Microsoft’s Facial-Recognition Ban Points to Growing Qualms Over Privacy 

facial recognition tech in crowd

Microsoft’s decision to ban police departments from using its Azure OpenAI Service for facial recognition reflects the technology industry’s struggle to balance the promises and perils of artificial intelligence (AI).

The move signals that Big Tech companies are increasingly enforcing guardrails around AI systems amid concerns about potential societal harms. Experts say it’s an example of why businesses need to be careful how they use AI.

“Facial recognition technology carries immense privacy harms, which is why the EU AI Act has denominated it as an unacceptable risk and severely limited its usage,” Gal Ringel, co-founder and CEO at data privacy firm Mine, told PYMNTS. “Even without a federal AI law in place in the U.S., companies need to be aware of the AI capabilities they are developing and restrict unnecessary usage accordingly.”

Last year, the Federal Trade Commission (FTC) warned that the increased use of biometrics raises serious concerns about security, privacy, and discrimination.

Shutting Down Access

In an email to PYMNTS, a Microsoft spokesperson revealed that the company had updated its code of conduct on Thursday (May 2). The new language prohibits Microsoft’s artificial intelligence (AI) service from being used for facial recognition purposes by or for law enforcement agencies within the United States.

“Microsoft is banning it because, as a whole, there is still some hesitancy and trepidation regarding the use of facial recognition by police,” Bob Eckel, the CEO of Aware, a biometric solutions provider, told PYMNTS. “Some argue that facial recognition fosters discrimination by being less accurate for certain races, nationalities and ethnicities. However, this is not true.”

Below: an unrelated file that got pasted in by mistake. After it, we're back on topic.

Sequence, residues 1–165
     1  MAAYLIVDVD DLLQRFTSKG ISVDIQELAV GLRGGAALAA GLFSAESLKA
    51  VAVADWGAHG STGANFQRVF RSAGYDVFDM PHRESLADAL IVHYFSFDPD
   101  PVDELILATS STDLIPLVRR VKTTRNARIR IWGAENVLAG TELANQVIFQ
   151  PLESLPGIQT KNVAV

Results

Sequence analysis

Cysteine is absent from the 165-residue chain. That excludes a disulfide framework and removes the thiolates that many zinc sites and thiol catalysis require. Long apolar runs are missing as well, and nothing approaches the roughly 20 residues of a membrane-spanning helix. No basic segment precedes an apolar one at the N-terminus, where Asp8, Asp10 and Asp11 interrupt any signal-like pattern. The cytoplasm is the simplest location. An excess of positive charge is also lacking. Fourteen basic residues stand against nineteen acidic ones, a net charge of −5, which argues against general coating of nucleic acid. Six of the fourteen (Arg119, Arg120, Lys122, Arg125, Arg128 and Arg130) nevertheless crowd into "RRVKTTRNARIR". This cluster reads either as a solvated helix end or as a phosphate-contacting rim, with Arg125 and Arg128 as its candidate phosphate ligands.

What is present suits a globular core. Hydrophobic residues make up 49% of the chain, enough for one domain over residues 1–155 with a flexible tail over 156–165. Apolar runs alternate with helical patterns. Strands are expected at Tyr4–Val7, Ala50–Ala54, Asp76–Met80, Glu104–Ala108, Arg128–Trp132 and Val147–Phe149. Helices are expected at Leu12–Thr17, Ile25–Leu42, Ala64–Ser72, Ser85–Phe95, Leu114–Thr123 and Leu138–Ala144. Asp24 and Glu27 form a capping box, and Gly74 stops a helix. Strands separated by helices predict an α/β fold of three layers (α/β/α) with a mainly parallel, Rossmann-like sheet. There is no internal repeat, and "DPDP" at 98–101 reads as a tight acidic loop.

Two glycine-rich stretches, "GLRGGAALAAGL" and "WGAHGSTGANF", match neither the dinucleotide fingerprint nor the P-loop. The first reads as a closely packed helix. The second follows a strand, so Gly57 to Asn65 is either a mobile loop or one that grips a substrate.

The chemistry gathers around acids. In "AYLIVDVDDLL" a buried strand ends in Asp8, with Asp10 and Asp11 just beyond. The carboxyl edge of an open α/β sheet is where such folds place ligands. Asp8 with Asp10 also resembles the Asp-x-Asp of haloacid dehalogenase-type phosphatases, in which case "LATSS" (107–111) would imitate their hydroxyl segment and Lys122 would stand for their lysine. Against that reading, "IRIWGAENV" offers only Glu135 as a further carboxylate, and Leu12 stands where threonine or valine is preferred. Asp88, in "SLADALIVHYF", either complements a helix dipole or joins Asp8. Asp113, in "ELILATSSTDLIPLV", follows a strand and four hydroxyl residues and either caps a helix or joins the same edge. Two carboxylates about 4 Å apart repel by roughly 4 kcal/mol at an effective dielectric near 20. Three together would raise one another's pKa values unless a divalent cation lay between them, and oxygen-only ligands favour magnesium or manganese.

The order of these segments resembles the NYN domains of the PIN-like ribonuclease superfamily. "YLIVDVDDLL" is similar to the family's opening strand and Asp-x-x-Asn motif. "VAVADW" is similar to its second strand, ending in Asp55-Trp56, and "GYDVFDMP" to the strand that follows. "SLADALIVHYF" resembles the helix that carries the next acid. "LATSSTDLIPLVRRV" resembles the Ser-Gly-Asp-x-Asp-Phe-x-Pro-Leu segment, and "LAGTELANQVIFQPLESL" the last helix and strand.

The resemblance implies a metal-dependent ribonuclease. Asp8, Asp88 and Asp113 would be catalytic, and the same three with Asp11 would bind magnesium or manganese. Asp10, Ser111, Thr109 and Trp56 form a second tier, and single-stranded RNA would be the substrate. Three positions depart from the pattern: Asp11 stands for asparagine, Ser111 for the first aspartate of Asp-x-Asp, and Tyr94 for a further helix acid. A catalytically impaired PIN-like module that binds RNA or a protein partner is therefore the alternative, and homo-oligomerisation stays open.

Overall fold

Emphasizing the advancements in facial recognition accuracy, Eckel said, “Today’s facial recognition tools are tested and validated by trustworthy third parties, and certain states require police agencies using facial recognition to only use software deemed to be at least 98 percent accurate across all demographics.”

Ringel said the U.S. government has not always supported tech companies’ efforts to protect user privacy. He noted that in the past, the government has pressured companies like Apple to unlock phones to assist law enforcement investigations.

“I hope, given these are only police departments and thus this is more of a local issue, that Microsoft won’t face any retribution for trying to safeguard its AI usage,” he said.

Implications for Business

Tech consultant John Bambenek emphasized the global implications of Microsoft’s ban, telling PYMNTS, “It’s important to note that this applies to law enforcement everywhere, so this couldn’t be used by governments that have a different idea of civil rights to identify, for instance, members of persecuted groups or political opposition.”

The ban raises questions about the broader implications for enterprises utilizing facial recognition technology. “So far, facial recognition in law enforcement seems to be the only area where the risks have slowed down adoption,” Bambenek said. “But Microsoft is essentially saying they can’t solve the problem, which begs the question … what other risks are there (or will there be), and can they be prevented before harm is done.”